Mt. Holz Science Fiction Society
10/13/17 -- Vol. 36, No. 15, Whole Number 1984

Co-Editor: Mark Leeper,
Co-Editor: Evelyn Leeper,
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        Personal Realities (comments by Mark R. Leeper)
        STARLINGS by Jo Walton (book review by Joe Karpierz)
        REALIVE (letter of comment by Fred Lerner)
        MEDUSA (letter of comment by Gregory Benford)
                FUTURE) (book comments by Evelyn C. Leeper)


TOPIC: Personal Realities (comments by Mark R. Leeper)

In 1995 I was visiting Scotland.  A local radio station broadcast 
an interesting feature.  Several well-known celebrities were asked 
the question, "What is the most important lesson you have ever 
taught your children?"  One respondent gave an answer that troubled 
me: "The most important thing I ever taught my child is to never 
assume there is only one reality.  Your truth may be different from 
my reality.  What is true for you may not be true for me."  She was 
very proud of that observation, but it really bothered me.  It is a 
nice cushy feeling that if we disagree on what a truth is, we can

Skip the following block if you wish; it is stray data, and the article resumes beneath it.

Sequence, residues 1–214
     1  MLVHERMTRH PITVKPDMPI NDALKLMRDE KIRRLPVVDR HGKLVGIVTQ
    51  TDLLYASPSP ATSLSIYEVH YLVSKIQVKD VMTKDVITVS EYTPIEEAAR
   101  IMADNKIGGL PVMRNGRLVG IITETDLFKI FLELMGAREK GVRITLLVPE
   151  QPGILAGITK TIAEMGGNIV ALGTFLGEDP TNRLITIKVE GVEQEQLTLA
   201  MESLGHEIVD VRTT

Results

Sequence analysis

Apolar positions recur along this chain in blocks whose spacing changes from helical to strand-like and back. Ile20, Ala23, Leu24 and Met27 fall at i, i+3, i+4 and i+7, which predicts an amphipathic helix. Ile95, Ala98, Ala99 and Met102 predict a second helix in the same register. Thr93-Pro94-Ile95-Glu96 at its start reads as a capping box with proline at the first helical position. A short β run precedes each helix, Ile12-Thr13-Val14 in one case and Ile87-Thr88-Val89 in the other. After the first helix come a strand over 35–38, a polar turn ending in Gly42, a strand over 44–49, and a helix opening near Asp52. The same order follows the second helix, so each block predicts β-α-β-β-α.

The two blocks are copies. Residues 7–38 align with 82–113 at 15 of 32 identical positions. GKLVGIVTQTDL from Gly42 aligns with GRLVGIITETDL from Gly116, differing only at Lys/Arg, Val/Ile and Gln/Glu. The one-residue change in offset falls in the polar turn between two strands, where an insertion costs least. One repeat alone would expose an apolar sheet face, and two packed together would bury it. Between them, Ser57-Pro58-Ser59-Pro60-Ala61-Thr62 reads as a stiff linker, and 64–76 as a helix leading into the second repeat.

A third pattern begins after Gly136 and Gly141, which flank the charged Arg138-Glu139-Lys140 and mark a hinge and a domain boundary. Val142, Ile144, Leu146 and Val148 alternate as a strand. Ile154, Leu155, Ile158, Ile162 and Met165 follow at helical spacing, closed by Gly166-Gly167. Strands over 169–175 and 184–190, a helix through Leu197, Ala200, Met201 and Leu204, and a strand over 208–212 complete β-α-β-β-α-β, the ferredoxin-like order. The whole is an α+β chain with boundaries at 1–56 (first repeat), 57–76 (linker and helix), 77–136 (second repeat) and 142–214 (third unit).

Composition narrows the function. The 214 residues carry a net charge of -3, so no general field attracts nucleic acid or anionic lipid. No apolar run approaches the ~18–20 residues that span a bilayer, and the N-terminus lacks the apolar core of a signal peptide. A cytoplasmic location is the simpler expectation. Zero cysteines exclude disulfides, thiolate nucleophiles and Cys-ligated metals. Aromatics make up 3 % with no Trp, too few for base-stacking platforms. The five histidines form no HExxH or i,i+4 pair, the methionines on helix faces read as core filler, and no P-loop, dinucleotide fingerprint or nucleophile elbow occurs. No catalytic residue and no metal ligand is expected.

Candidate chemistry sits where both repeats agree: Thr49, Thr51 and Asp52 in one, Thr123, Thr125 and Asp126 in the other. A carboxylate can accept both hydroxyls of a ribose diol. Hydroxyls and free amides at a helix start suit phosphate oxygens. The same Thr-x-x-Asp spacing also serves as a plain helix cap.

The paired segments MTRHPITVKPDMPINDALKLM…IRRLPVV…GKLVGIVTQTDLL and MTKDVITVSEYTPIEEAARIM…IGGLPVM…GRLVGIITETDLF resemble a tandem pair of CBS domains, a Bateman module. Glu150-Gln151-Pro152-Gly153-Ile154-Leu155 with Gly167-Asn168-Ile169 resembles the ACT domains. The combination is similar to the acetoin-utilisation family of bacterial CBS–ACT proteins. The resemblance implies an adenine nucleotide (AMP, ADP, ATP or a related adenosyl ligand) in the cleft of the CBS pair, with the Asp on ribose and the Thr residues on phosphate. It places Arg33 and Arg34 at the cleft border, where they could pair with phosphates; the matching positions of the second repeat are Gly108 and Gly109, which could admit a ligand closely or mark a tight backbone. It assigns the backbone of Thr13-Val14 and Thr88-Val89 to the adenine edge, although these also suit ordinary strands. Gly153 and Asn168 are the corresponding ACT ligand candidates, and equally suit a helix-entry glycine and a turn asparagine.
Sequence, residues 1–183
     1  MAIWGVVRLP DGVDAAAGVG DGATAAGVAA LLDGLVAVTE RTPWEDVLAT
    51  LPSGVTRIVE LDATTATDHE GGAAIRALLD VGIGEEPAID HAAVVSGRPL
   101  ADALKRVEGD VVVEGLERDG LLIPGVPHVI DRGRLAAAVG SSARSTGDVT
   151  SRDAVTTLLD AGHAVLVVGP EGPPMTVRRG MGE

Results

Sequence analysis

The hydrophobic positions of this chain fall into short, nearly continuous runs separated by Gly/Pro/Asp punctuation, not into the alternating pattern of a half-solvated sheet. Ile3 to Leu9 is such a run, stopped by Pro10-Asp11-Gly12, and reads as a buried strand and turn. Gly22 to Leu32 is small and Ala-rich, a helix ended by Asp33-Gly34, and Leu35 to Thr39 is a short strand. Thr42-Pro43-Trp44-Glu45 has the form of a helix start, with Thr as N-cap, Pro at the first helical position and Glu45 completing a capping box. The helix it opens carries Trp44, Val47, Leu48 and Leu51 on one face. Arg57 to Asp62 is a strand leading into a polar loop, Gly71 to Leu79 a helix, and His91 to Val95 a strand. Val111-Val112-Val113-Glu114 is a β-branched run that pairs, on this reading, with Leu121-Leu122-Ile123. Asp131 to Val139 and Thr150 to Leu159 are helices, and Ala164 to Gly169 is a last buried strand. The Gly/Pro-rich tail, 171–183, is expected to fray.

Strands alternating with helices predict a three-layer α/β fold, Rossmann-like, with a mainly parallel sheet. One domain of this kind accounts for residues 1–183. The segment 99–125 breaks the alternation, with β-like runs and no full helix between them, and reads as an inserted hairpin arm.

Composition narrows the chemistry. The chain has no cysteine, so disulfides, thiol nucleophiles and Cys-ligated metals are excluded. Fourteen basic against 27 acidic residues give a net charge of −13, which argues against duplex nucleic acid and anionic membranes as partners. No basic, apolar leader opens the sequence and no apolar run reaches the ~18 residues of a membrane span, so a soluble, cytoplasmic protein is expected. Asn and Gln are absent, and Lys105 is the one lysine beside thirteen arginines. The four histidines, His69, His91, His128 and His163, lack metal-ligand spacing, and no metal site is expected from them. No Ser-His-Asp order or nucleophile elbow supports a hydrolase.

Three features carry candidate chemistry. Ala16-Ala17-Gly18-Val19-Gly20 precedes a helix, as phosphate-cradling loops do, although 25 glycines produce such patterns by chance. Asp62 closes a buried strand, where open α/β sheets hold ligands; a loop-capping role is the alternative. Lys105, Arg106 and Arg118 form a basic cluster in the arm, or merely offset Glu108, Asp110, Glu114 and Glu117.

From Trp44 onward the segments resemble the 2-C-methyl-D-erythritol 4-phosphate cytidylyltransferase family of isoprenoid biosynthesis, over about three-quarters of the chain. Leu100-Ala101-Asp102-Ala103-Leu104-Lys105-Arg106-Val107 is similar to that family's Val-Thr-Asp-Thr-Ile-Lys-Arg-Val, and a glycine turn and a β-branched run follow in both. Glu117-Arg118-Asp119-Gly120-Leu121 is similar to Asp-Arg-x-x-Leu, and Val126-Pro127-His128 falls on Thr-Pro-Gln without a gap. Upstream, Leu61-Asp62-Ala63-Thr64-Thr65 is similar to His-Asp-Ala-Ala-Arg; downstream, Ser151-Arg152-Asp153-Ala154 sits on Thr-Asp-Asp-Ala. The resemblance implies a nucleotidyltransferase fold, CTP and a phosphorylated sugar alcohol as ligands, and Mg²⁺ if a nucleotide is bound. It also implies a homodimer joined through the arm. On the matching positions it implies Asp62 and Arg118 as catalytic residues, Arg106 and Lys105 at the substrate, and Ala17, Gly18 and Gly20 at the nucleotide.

both be right in our own private realities.

I see a great deal of risk in abandoning the idea of there being 
one true reality and giving everybody the right to their own 
private choice of the way things are.

I had never actually heard this idea that everybody is entitled to 
the reality that makes him or her feel the best.  If you want, one 
plus one equals whatever you want it to be.  If you believe that 
female genital mutilation is a virtue my feeling is that this is 
not a "reality" you have a right to, even if you do not take 
action.  It seems to me valuable to have to have people around who 
have differing viewpoints to help shape my own.  But my ideas are 
better than some people's and not as good as others.  It is a 
mistake to say everybody's ideas, their reality, are of the same 
value and people have a right to them.

My feeling is that there is a single reality and many perceptions 
of that reality, some correctly interpreted and some incorrectly 
interpreted.  My perceptions might contradict your perceptions, but 
both are just subjective perceptions.  Perceptions do not always 
tell the full story and may be misleading.  Even correct 
perceptions may be incomplete.  The real truth may lie beyond.

The best example of this is probably the story of the elephant and 
the blind men.  One blind man feels the elephant's trunk and 
declares the elephant to be like a tree.  One feels the tail and 
declares the elephant to be like a rope.  And so forth.  The 
elephant is just what it is if many of the perceptions of it are 

The assumption that each person has his or her own reality may seem 
very comfortable and not at all dangerous.  It, in fact, may seem 
like a useful expedient for avoiding conflict, but it may be just 
kicking the can down the road.  It may create other problems,